How to install freeware cleanly – a catalog of the most dubious crapware installation methods

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The internet has brought about an explosion of free software that seems to just keep going strong. A lot of people wonder why so many people create and put out high quality software out there for free, and I am convinced that most of it is because people will put more of their heart and soul into something that they’re doing for free, that they wouldn’t if they were doing it for money.

But we live in a world where bills have to be paid, and where many developers have found that it is possible to get paid for bundling other software and ‘offers’ with their freeware, typically within the installation process.

This bundled software (a.k.a ‘crapware’) varies from the value-added and useful to the unnecessary to the outright malicious, and unfortunately a lot of it is bundled in such a way as to make an accidental installation extremely likely.

This post will catalog some of the most aggressive crapware-bundling practices that have recently come up, so that users can know what to expect and how to avoid them.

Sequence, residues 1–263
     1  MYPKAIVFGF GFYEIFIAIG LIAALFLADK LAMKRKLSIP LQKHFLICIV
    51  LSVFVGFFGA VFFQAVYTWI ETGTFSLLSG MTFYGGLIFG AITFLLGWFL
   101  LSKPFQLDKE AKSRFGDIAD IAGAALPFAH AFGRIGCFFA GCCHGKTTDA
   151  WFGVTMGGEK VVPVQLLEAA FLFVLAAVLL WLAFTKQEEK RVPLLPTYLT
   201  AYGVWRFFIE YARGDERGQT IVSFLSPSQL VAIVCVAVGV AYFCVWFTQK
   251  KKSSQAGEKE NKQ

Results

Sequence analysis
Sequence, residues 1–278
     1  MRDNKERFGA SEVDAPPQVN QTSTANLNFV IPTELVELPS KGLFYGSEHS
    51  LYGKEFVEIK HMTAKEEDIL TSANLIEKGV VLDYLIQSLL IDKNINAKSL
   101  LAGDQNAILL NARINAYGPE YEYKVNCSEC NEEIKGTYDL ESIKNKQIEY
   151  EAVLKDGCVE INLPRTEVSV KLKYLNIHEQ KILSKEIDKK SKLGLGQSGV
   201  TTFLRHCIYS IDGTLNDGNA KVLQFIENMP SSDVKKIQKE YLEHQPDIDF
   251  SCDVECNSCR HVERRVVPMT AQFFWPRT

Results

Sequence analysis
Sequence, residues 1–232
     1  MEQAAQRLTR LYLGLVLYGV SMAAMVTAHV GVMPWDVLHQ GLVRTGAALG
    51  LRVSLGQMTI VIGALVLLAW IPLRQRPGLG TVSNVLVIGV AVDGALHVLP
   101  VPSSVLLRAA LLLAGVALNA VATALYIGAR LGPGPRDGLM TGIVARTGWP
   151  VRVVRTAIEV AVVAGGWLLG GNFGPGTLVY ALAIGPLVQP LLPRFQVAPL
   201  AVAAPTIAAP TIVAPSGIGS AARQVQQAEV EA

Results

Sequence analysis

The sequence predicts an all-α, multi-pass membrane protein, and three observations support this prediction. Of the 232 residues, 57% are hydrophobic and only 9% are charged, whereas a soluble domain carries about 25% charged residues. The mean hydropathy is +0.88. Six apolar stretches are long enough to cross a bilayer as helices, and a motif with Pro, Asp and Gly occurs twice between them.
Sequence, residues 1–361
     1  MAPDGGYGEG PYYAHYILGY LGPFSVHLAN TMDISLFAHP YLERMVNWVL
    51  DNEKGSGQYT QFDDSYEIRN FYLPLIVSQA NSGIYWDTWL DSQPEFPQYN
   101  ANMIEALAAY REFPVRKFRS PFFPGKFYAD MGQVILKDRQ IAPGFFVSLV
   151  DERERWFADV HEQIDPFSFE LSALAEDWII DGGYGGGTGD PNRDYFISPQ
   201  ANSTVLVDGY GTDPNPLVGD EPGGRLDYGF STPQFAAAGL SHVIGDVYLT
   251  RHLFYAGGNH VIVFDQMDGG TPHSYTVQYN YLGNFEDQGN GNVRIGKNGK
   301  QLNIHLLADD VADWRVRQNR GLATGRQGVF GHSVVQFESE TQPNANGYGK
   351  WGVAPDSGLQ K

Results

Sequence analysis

How to avoid crapware illustration_e

For those who want a single, take-home message: it would be this; pay close attention to the labels on the navigation BUTTONS in the installer (yes, the buttons). If they say ‘I accept’ or ‘I agree’ then you should be careful.

Before I start, a few issues:

  1. I know that good work deserves to be compensated, and I am not against monetization through bundled offers as such, but rather the unclear or even deceptive methods that are sometimes used to make it more likely that users install something they do NOT want. Especially if they try hard to not select it but fail because the process is rigged against them.
  2. Do not draw lines in the sand, and say that you will never use any program that comes bundled with offers, etc. I have seen some excellent free software that was recommended on this site for years suddenly appear with bundled offers, even some of my favorite must-have freeware that is excellent. The fact of the matter is that you are using FREE software at the end of the day, so be grateful, and educate yourself.
  3. The exceptions to points 1 and 2 above are software that will only install if you accept the crapware, or will install it without giving any other option. I do NOT think this is OK and I would urge not using these (although I don’t know of any examples of his, so feel free to report them).
  4. Rules of thumb: if you want to avoid crapware,  (1) read the labels on ALL of the buttons before you press one of them, and be careful of ‘I agree’ and ‘I accept’, (2) read every screen and prompt, and (3) check out ‘custom install’ whenever it is offered, rather than ‘typical’, ‘normal’ or ‘complete’ install.
  5. Also generally speaking be extra vigilant when encountering ‘web downloaders’ or installers that download something during the install process.